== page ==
This article was published in the October 2002, GEO-STRATA magazine of the ASCE and was writen by Professor Richard Goodman. We have considered that the article was very interesting and should be read by all geotechs and we requested to host the article in the Geoengineer website. Permission for its use was granted by ASCE on November 19th. For more information about the publications of the ASCE you can click here and for information about the GEOINSTITUTE click here
Karl Terzaghi's legacy in Geotechnical Engineering
By Richard E. Goodman*
Karl Terzaghi (1883-1963) was the first to elaborate a comprehensive mechanics of soils with his publication of Erdbaumechanik in 1925. His recognition and formulation of the effective stress principle and its influence on settlement analysis, strength, permeability and erosion of soils was his most prodigious contribution. But Terzaghi also pioneered a great range of methods and procedures for investigation, analysis, testing, instrumentation, and practice that defined much of the field we currently know as geotechnical engineering.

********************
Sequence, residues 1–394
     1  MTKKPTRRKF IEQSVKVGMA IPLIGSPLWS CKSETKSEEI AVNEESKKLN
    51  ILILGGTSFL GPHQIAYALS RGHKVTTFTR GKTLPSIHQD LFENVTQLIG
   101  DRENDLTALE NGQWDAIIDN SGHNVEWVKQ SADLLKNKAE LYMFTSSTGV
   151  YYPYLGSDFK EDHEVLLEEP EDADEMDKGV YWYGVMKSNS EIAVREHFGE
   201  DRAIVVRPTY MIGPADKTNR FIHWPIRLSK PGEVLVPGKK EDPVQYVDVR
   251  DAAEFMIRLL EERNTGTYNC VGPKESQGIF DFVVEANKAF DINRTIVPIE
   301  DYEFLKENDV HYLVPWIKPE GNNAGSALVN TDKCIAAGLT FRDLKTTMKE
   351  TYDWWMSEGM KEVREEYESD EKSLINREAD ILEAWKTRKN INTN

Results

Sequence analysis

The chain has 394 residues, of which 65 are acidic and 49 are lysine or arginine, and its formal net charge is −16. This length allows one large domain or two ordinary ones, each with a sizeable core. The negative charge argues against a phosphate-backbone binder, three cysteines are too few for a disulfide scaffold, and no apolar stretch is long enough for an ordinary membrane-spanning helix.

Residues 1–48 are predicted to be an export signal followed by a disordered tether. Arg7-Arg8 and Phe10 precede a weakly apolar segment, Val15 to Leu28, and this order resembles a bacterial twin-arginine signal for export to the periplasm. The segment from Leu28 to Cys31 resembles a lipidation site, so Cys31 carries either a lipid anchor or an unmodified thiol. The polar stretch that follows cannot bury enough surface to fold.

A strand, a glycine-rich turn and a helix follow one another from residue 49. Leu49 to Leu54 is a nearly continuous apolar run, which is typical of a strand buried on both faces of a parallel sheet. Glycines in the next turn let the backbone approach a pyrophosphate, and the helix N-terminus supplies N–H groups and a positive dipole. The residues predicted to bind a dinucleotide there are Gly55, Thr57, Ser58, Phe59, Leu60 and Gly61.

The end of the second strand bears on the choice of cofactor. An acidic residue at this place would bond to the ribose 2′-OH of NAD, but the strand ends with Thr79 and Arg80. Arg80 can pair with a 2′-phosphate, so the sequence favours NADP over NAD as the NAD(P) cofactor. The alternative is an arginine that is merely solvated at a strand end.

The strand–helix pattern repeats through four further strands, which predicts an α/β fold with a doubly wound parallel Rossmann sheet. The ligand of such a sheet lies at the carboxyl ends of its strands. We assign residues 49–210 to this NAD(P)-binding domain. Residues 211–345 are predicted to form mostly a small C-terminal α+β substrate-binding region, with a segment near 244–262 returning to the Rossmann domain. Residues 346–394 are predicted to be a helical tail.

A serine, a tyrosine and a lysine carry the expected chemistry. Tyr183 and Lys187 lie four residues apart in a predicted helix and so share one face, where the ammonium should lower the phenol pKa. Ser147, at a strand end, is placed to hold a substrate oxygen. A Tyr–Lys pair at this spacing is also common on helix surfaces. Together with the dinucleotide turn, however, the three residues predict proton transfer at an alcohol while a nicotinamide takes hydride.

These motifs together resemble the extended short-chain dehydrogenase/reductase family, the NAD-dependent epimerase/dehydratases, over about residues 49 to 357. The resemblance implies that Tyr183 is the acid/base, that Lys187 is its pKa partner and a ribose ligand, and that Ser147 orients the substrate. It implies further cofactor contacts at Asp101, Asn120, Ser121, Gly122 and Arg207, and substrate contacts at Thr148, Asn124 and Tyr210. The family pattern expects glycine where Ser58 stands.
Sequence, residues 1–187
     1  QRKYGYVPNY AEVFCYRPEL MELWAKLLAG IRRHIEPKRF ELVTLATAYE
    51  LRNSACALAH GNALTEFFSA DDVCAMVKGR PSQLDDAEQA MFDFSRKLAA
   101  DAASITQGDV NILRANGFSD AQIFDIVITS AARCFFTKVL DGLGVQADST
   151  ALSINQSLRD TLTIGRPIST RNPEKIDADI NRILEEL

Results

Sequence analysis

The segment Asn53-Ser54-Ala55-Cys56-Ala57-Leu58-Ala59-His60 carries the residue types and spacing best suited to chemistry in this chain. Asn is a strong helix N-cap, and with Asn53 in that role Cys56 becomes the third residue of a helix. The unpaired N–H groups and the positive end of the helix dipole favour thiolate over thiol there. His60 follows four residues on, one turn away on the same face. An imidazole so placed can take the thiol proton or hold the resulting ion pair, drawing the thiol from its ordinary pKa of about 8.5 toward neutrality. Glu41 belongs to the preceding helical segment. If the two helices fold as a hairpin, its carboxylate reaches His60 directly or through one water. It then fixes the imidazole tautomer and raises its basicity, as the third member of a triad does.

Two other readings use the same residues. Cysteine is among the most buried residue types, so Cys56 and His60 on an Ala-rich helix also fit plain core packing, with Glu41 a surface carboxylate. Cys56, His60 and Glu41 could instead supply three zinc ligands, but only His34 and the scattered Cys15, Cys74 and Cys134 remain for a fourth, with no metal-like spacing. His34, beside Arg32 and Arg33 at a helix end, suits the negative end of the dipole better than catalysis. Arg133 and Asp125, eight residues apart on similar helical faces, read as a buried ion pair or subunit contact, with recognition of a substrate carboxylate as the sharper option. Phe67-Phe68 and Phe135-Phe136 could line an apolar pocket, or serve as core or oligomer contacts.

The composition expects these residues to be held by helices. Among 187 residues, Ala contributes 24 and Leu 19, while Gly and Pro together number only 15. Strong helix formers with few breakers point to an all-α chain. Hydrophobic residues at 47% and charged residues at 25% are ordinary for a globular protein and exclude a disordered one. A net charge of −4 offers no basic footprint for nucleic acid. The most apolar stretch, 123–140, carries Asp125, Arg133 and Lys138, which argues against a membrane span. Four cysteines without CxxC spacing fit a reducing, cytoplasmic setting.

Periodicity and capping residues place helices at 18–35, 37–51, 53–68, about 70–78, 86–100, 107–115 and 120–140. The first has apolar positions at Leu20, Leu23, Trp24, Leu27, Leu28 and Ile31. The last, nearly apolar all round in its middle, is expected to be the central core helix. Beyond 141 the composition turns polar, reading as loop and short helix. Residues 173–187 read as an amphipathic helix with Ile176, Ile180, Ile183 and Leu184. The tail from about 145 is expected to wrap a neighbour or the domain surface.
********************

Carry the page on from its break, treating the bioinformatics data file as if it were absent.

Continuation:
Among Terzaghi’s publications, reports and lectures, one finds seminal contributions across a wide terrain, including: classification methods for soils and rocks; capillary phenomena in soils; the theory and documentation of consolidation and settlement; piping and its prevention; design and construction of earth, rock and concrete dams on all kinds of foundations; anchorages for suspension bridges in soils; field and laboratory measurement of pore pressures and soil properties; use of flow nets in two and three dimensions; design of drainage wells and tunnels; design to avoid scour of river and waterfront structures; earth pressure variations on walls and bulkheads; engineering in terrain underlain by permafrost; pile foundations; soil improvement by compaction, pile-driving, grouting and incorporation of geotextiles; soil and rock tunneling; engineering geology; sinkhole formation and collapse; regional subsidence due to oil-field operations; and landslides.